Response to intervention data, teacher efficacy, and teacher *attributions during consultation
This study investigated the relationship between the use of RTI data in consultation, teacher efficacy, teachers' causal attributions for success and failure, and teachers' perceptions of the value of the consultation process. One hundred and eighty three elementary school teachers were recruited from public and private schools via email. Video-taped simulated sessions representing the problem identification and intervention stages of consultation were used to expose elementary school teachers to scenarios depicting student success and failure. A two-way ANOVA was computed to analyze differences in teacher efficacy in consultation with and without RTI data and in conditions representing student improvement and decline. ANOVA results revealed that the interaction between consultation with and without RTI data and consultation outcome on teacher efficacy was not significant, F(1, 183)=.14, p=.71, η2 .00. However, ANOVA results showed a significant main effect for the consultation outcome on teacher efficacy, F(1, 183)=28.71, p<.01, η2=.14. Two separate one-way MANOVA were computed to investigate teachers' attributions (i.e., effort, intellectual ability, liking for reading, the teacher, help at home, difficulty of reading material, luck, and developmentally ready/learning disability) for success and failure in consultation conditions with and without RTI data. MANOVA results revealed that there were no main effects. A two-way ANOVA was computed to investigate differences in teachers' perception of the value of the consultation process with and without RTI data and in conditions representing student success and failure. ANOVA results showed no data condition; however, there was a significant main effect for consultation outcome, F(1, 179)=3.73, p=.05. A repeated measures ANOVA was computed and results were significant for the interaction between consultation stages (Problem ID and Implementation of Interventions) and the group that viewed the student's performance improving and the group that viewed the student's performance declining, F(1, 181)=10.02, p<.01. The results of this study provide important information about the relationship between the use of RTI data during consultation, teacher efficacy, and teachers' attributions for students' reading difficulties, teachers' perception of consultation value, and consultation outcome.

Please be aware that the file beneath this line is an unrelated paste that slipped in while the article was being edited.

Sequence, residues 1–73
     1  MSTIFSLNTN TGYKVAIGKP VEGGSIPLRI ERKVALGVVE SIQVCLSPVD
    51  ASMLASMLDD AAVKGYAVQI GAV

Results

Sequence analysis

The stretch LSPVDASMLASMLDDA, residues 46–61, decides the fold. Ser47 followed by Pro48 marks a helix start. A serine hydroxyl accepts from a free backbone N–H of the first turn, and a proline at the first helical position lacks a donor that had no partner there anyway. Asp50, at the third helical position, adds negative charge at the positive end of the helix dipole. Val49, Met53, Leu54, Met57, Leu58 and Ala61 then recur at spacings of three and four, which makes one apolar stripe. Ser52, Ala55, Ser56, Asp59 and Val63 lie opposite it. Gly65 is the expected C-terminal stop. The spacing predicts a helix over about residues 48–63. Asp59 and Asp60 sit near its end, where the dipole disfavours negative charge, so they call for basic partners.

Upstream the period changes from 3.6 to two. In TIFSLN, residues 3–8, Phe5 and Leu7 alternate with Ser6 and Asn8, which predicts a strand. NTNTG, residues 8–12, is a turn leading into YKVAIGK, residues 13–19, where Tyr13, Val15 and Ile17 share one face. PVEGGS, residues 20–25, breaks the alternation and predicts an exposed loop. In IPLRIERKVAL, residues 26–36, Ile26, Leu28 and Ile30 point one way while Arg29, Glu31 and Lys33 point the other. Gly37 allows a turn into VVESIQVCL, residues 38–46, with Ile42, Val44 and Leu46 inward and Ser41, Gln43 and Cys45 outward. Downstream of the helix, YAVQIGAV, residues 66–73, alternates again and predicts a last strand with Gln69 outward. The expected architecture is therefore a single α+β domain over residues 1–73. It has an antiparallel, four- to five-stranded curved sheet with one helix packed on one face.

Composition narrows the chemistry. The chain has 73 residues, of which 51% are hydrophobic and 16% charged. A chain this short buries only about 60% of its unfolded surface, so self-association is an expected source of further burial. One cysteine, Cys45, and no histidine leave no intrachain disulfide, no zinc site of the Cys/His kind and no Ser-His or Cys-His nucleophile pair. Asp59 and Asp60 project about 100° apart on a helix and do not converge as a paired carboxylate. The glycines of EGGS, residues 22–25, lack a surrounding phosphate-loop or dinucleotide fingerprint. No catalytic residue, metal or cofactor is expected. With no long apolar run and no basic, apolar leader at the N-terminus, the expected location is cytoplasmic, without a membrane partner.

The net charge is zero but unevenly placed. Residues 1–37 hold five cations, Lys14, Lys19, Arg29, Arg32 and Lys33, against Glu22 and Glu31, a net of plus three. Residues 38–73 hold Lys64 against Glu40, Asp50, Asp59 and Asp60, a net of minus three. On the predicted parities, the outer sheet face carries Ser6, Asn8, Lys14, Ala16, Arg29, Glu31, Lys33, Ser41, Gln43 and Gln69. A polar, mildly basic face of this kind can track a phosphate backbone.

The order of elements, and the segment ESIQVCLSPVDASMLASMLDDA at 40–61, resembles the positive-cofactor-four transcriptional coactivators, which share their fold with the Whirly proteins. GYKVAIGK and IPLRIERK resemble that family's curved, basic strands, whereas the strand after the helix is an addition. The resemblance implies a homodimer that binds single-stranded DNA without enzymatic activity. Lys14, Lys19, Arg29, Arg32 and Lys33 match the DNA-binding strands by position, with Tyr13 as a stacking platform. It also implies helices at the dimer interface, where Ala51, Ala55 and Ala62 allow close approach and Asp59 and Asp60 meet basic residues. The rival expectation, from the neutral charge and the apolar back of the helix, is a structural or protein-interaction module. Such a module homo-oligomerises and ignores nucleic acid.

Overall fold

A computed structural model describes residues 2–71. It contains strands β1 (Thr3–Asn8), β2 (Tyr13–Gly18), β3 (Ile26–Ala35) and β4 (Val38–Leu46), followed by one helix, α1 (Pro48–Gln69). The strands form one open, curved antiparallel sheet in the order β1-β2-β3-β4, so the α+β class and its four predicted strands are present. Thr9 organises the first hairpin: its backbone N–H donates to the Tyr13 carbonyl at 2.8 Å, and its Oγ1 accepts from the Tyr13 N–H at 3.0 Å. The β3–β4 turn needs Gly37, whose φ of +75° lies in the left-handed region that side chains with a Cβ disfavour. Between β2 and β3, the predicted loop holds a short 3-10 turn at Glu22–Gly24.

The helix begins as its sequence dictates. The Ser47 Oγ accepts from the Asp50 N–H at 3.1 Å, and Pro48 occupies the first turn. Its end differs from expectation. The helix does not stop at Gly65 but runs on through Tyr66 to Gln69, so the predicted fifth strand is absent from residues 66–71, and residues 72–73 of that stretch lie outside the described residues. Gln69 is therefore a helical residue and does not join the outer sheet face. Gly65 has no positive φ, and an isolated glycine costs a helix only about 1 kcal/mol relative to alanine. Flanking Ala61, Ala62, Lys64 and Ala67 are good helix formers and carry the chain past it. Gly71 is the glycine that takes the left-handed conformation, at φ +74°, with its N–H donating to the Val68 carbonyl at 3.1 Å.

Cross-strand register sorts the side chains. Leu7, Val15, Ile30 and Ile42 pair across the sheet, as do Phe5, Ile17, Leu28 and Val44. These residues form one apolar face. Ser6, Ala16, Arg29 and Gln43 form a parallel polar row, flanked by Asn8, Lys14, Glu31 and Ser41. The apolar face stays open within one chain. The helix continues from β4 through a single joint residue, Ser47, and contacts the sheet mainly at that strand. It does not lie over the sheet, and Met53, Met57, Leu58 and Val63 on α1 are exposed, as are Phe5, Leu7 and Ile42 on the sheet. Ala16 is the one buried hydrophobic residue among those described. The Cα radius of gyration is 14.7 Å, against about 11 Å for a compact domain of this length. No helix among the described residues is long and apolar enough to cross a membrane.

Rosengarten, Myriah Eve, "Response to intervention data, teacher efficacy, and teacher *attributions during consultation" (2010). ETD Collection for Fordham University. AAI3420962.